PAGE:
The Greek Philosopher Heraclitus said “The only thing that is constant is change.” The world received a lesson as to how true this statement still is with the UK exit from the European Union, dubbed Brexit, and the US election in November 2016. In terms of solar, Brexit will eventually affect how developers in the EU do business in the UK. In the US, a dramatic shift in priorities from RE technologies to fossil fuels and the risk that the Investment Tax Credit could be altered during tax reform, as well as the US withdrawal from the Paris treaty signaled a change that no one envisioned. In 2017, US (and Chinese-owned) monocrystalline manufacturer Suniva declared bankruptcy and filed a new trade petition. The US is now a significant market responsible for 20% of global demand and a significant increase in module prices would at the very least further constrain margins for developers. Returning to Heraclitus, there is another constant in the global PV industry along with change and that is margin constraint from one end of the value chain to another.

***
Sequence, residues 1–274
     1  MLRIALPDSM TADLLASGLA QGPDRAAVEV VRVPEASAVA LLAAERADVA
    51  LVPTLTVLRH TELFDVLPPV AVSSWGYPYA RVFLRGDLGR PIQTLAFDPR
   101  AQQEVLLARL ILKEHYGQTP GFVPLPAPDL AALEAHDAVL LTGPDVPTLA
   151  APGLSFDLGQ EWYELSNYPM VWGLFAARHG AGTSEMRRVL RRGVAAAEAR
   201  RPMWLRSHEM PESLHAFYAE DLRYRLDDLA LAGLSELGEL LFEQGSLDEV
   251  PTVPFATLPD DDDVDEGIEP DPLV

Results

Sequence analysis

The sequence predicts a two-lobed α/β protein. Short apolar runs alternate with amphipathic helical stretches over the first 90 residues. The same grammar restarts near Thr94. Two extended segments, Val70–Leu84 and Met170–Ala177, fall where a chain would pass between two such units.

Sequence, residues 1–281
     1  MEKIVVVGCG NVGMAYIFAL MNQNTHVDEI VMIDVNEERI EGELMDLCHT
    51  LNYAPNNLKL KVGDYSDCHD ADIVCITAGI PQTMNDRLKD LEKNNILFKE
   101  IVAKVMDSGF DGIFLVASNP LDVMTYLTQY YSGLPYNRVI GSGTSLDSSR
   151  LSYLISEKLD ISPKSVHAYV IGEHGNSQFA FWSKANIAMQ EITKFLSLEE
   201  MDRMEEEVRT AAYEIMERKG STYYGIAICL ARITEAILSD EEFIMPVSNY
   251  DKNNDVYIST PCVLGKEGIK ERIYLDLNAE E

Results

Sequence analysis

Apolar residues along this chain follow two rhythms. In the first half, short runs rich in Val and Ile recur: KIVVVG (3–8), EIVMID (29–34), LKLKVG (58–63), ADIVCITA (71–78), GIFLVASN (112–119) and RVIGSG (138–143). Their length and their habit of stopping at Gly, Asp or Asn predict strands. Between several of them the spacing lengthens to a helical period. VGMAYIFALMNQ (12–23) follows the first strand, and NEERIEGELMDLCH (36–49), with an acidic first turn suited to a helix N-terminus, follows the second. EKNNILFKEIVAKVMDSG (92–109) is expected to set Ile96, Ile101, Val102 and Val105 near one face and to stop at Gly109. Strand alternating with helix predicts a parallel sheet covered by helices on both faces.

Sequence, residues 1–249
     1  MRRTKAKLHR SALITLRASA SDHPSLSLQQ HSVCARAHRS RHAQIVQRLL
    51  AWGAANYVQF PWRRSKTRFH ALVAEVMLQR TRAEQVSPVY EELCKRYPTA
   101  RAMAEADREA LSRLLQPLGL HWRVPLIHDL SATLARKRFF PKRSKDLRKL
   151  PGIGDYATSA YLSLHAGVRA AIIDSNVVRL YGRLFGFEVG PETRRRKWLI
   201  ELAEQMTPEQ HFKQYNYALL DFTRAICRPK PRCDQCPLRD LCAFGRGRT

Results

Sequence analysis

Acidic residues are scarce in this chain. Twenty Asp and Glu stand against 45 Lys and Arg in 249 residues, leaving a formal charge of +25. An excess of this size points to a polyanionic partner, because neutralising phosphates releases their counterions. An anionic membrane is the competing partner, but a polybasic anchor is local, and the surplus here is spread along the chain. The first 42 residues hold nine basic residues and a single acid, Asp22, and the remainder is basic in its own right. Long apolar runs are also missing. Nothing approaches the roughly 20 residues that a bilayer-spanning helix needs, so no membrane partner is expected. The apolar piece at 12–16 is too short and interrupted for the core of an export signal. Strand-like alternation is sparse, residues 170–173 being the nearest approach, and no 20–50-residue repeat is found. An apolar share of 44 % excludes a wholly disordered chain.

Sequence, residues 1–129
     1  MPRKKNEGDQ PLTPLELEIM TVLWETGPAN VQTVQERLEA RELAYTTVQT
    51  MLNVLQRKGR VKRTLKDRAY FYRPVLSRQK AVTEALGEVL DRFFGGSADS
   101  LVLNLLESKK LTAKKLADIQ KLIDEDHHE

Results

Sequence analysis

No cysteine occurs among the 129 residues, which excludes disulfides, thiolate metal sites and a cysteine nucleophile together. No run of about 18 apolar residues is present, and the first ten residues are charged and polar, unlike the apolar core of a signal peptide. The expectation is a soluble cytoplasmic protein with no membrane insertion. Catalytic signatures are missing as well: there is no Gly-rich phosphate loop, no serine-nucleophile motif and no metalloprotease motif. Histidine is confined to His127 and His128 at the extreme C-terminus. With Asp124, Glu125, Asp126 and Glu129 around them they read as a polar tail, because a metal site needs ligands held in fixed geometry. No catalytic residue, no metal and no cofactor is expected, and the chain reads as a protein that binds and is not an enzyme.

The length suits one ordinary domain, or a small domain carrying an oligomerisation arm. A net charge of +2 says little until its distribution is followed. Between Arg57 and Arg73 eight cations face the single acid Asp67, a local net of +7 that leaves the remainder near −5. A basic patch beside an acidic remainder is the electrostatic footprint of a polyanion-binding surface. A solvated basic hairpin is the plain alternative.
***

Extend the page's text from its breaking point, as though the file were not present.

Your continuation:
The four most significant markets for solar are: China, India, the US and Japan. In 2017 China is expected to install between 34-GWp and 39-GWp, India is expected to install between 6-GWp and 9-GWp, Japan is expected to install between 5-GWp and 7-GWp, and the US is expected to install between 15-GWp and 19-GWp. Concerning China, any significant change whether it is natural disaster, policy change or other event would leave an unfillable hole in the market for PV deployment. As always, the market for solar PV deployment remains highly risky even as it continues to grow, often unprofitably.
It is worth noting that growth of PV deployment has been slowing. PV deployment globally into all applications grew at a compound annual rate of 44% during the 2008 through 2013 time frame and by 38% during the 2009 through 2014 time frame. Global PV deployment grew at a CAGR of 24% for the 2011 through 2016 period. The grid connected applications grew at a compound annual rate of 38% during the 2009 through 2014 time frame and by 24% during the 2011 through 2016 time frame.